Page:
Nola Passmore is a writer and editor who has had more than 150 short pieces published, including fiction, poetry, devotions, magazine articles, academic papers and true stories.  She and her husband Tim own their own freelance writing and editing business called The Write Flourish.  She is currently writing an ever-changing novel and will have the draft finished before Christmas ... really!



  1. Hi Nola. Thanks for giving 'The Gecko Renewal' a shout out. Competitions like Stories of Life give people a chance to try their hand at nonfiction in short story form. It's a great opportunity and it looks like it will run again next year :).

    1. Hi Sue - Thanks for that. I'm sorry I ran out of time to get something in this year, but will make sure I have something ready to go next time. A couple of the places I used to send short true stories to have folded, but there are lots of other opportunities out there. I'm looking forward to reading everyone's stories in The Gecko Renewal. Thanks for commenting :)

  2. As I wrote in my comment on the CWD blog, thanks again, Nola, for including my book 'Soul Friend' in your excellent overview of what non-fiction is all about. When I next have to give a workshop on creativity in writing non-fiction, I will remember to refer back to this--very helpful.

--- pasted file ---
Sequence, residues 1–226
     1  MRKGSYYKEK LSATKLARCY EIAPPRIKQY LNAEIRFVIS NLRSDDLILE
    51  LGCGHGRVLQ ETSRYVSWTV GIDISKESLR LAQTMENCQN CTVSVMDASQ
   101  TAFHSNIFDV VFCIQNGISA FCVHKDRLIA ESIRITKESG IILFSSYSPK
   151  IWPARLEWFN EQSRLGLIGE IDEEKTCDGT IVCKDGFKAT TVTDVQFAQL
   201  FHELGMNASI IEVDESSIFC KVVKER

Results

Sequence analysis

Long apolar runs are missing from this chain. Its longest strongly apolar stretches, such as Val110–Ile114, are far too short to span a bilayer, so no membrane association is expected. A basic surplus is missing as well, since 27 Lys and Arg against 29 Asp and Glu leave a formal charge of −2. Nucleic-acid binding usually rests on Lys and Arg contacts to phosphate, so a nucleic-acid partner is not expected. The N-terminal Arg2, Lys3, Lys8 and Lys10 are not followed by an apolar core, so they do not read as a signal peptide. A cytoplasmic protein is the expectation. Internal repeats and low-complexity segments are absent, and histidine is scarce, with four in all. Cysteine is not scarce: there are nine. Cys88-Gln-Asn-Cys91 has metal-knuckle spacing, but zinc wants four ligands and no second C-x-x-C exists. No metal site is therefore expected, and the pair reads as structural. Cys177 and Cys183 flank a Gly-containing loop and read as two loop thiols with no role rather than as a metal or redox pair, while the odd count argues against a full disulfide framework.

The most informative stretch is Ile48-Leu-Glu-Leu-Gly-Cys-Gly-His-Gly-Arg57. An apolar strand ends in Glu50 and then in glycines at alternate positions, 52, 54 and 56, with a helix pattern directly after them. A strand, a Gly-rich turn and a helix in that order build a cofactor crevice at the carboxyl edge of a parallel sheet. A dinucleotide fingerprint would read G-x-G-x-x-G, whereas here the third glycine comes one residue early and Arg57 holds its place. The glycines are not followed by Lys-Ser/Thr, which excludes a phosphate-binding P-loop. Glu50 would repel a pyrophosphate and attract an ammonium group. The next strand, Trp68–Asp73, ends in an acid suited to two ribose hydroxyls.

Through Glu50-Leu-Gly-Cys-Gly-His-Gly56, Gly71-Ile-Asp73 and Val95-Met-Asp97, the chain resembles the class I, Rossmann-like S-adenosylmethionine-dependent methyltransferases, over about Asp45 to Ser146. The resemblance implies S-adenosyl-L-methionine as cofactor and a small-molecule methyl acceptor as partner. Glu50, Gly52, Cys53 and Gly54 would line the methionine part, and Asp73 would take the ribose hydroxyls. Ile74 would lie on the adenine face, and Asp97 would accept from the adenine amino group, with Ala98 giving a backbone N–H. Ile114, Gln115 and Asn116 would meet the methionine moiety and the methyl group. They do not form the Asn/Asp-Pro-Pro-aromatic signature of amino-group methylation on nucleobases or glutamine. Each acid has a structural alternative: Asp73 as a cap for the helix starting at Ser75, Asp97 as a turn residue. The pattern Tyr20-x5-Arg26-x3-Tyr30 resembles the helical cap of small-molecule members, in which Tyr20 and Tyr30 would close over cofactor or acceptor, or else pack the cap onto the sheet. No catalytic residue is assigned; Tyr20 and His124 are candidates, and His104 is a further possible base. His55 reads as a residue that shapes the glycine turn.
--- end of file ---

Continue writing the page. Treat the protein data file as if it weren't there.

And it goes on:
Also as I said on the CWD blog re my favourite non-fiction books, I love the more contemplative, reflective style of Christian authors such as Henri Nouwen, Richard Rohr, David Benner etc. I might not agree with everything I read, but it gives me much food for thought and prayer.

    1. My pleasure, Jo. I really enjoyed 'Soul Friend'. I've heard a lot of good things about Henri Nouwen, but haven't actually read any of his books. Will have to check him out, along with the others you mention.

      I used to read a lot of biographies and autobiographies. 'The Hiding Place' and 'God's Smuggler' are still among my favourites, but I also like reading anthologies of short true stories. Everyone has a story to share. Thanks for sharing yours.

  3. Nola, excellent post! Thanks for providing a helpful overview of the different categories of nonfiction. :)

    The timing for your post is also excellent - starting next Monday we’re drawing on the treasure in our ACW blog archives. We will be sharing your three part Creative Nonfiction series on each Monday in November.